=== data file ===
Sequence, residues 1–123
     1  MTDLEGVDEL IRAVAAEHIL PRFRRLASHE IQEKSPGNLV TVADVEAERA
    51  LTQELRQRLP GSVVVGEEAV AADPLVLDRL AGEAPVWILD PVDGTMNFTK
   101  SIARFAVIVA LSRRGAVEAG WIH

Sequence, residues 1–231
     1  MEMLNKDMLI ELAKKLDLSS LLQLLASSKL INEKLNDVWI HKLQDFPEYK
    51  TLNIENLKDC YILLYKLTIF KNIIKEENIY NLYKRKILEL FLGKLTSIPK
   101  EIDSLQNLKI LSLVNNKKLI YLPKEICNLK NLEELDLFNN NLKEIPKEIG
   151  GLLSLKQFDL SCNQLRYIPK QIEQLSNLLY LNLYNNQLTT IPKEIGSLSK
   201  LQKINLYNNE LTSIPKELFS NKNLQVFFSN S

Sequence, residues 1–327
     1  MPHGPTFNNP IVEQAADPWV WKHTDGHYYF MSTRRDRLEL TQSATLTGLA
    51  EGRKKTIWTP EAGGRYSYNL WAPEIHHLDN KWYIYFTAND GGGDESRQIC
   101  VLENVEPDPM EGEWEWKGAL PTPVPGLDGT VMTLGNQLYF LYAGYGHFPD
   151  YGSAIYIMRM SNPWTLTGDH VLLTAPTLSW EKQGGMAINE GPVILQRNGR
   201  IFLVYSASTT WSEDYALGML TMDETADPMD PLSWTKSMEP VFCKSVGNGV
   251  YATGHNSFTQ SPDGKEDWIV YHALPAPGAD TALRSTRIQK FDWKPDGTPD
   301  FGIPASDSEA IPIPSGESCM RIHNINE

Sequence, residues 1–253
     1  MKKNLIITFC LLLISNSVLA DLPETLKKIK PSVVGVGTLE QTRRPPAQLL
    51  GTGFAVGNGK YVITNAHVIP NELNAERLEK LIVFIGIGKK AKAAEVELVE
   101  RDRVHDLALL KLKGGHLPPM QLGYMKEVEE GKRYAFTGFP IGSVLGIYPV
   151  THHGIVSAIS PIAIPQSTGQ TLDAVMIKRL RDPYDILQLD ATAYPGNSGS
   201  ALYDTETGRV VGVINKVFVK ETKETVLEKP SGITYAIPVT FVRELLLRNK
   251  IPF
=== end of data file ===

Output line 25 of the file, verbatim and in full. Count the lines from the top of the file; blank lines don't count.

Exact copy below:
   251  IPF